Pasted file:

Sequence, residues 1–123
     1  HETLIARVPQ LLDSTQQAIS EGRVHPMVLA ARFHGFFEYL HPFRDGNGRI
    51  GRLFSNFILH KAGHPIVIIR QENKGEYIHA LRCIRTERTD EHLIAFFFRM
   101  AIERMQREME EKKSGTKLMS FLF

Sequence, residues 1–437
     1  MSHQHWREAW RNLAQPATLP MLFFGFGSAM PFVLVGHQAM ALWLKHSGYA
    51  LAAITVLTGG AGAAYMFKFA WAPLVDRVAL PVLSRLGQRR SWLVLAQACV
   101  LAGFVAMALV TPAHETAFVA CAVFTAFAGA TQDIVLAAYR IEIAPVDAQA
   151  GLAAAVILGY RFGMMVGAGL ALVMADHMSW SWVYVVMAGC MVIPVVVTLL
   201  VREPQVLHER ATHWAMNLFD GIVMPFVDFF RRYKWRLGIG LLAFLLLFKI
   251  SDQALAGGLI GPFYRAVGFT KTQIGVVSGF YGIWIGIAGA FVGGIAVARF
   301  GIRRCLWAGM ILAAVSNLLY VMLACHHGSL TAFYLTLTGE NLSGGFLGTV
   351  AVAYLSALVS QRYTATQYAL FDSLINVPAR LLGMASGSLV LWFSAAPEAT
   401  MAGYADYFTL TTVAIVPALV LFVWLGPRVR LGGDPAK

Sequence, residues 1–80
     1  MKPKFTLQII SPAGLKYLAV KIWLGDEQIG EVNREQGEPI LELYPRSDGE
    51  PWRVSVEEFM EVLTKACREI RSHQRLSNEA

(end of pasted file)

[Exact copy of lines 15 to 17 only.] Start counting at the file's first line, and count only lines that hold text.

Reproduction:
Sequence, residues 1–80
     1  MKPKFTLQII SPAGLKYLAV KIWLGDEQIG EVNREQGEPI LELYPRSDGE
    51  PWRVSVEEFM EVLTKACREI RSHQRLSNEA